Journal Article

Contribution of nuclear and extranuclear polyQ to neurological phenotypes in mouse models of Huntington's disease

Caroline L. Benn, Christian Landles, He Li, Andrew D. Strand, Ben Woodman, Kirupa Sathasivam, Shi-Hua Li, Shabnam Ghazi-Noori, Emma Hockly, Syed M.N.N. Faruque, Jang-Ho J. Cha, Paul T. Sharpe, James M. Olson, Xiao-Jiang Li and Gillian P. Bates

in Human Molecular Genetics

Volume 14, issue 20, pages 3065-3078
Published in print October 2005 | ISSN: 0964-6906
Published online September 2005 | e-ISSN: 1460-2083 | DOI: http://dx.doi.org/10.1093/hmg/ddi340
Contribution of nuclear and extranuclear polyQ to neurological phenotypes in mouse models of Huntington's disease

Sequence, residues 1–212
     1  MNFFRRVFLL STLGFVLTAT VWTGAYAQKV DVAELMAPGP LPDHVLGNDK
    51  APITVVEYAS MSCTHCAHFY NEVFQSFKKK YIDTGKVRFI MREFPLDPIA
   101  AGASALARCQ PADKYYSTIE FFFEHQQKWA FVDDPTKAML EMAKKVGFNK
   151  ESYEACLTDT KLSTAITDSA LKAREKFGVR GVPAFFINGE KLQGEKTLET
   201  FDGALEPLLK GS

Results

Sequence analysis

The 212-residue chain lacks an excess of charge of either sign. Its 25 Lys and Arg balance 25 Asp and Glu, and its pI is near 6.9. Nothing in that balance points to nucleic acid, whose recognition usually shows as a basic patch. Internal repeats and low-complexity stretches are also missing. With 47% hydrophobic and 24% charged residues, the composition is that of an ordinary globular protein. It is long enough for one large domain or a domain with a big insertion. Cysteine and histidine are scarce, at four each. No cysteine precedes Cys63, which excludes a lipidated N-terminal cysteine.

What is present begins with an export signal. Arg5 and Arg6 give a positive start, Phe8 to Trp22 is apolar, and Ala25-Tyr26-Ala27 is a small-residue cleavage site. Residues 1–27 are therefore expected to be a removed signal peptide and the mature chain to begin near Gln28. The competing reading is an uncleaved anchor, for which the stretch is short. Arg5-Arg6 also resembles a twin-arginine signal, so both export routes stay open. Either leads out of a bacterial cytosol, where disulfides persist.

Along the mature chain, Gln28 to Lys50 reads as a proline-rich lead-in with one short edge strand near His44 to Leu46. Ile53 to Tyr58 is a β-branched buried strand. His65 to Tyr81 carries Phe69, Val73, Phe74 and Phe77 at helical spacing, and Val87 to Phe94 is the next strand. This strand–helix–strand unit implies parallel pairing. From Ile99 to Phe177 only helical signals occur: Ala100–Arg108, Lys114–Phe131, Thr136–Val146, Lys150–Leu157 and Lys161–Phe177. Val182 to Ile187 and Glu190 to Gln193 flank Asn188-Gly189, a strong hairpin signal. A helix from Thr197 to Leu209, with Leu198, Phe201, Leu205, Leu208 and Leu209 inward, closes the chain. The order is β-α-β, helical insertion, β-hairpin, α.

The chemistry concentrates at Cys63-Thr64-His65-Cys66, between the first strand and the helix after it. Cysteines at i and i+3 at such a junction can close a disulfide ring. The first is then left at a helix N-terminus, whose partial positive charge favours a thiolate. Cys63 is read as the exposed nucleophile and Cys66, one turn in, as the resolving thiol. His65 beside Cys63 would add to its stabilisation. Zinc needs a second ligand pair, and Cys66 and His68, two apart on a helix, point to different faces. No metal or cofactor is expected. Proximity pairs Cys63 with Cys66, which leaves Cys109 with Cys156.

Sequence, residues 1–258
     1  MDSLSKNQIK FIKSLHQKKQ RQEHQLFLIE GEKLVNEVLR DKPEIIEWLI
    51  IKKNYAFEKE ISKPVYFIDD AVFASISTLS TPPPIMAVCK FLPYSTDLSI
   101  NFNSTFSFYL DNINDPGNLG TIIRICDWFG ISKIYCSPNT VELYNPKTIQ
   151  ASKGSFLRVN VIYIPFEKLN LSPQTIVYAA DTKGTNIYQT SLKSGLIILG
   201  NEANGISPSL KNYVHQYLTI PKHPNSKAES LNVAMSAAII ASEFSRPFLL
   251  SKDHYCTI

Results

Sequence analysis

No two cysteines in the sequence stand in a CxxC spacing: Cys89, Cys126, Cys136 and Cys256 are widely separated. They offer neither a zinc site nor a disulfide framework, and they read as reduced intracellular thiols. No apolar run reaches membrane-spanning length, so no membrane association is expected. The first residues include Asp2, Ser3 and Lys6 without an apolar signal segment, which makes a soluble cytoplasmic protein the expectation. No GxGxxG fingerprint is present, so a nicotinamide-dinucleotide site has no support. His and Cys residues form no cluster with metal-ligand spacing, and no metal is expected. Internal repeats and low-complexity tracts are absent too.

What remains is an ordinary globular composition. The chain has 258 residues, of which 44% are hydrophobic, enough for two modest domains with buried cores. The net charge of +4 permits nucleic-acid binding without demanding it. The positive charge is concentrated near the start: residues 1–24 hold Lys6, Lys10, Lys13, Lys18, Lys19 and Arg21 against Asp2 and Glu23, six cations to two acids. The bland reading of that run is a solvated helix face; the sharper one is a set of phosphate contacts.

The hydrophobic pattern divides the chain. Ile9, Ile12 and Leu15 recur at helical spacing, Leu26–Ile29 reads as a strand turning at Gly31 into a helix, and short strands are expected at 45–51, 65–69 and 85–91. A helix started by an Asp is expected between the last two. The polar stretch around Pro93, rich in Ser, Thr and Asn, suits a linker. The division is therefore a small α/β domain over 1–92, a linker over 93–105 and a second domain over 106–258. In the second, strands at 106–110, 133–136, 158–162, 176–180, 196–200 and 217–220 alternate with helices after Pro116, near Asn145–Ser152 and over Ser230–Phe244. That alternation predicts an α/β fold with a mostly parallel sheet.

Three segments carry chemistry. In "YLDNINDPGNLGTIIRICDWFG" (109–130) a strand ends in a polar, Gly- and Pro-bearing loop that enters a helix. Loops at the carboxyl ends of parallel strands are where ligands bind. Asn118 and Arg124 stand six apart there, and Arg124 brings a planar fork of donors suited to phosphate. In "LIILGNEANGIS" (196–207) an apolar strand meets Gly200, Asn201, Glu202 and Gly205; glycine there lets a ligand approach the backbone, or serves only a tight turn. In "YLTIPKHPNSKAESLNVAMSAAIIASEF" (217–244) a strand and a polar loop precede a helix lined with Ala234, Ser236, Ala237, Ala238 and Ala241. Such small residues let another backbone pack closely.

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In postmortem Huntington's disease brains, mutant htt is present in both nuclear and cytoplasmic compartments. To dissect the impact of nuclear and extranuclear mutant htt on the initiation and progression of disease, we generated a series of transgenic mouse lines in which nuclear localization or nuclear export signal sequences have been placed N-terminal to the htt exon 1 protein carrying 144 glutamines. Our data indicate that the exon 1 mutant protein is present in the nucleus as part of an oligomeric or aggregation complex. Increasing the concentration of the mutant transprotein in the nucleus is sufficient for and dramatically accelerates the onset and progression of behavioral phenotypes. Furthermore, nuclear exon 1 mutant protein is sufficient to induce cytoplasmic neurodegeneration and transcriptional dysregulation. However, our data suggest that cytoplasmic mutant exon 1 htt, if present, contributes to disease progression.

Journal Article.  9788 words.  Illustrated.

Subjects: Genetics and Genomics

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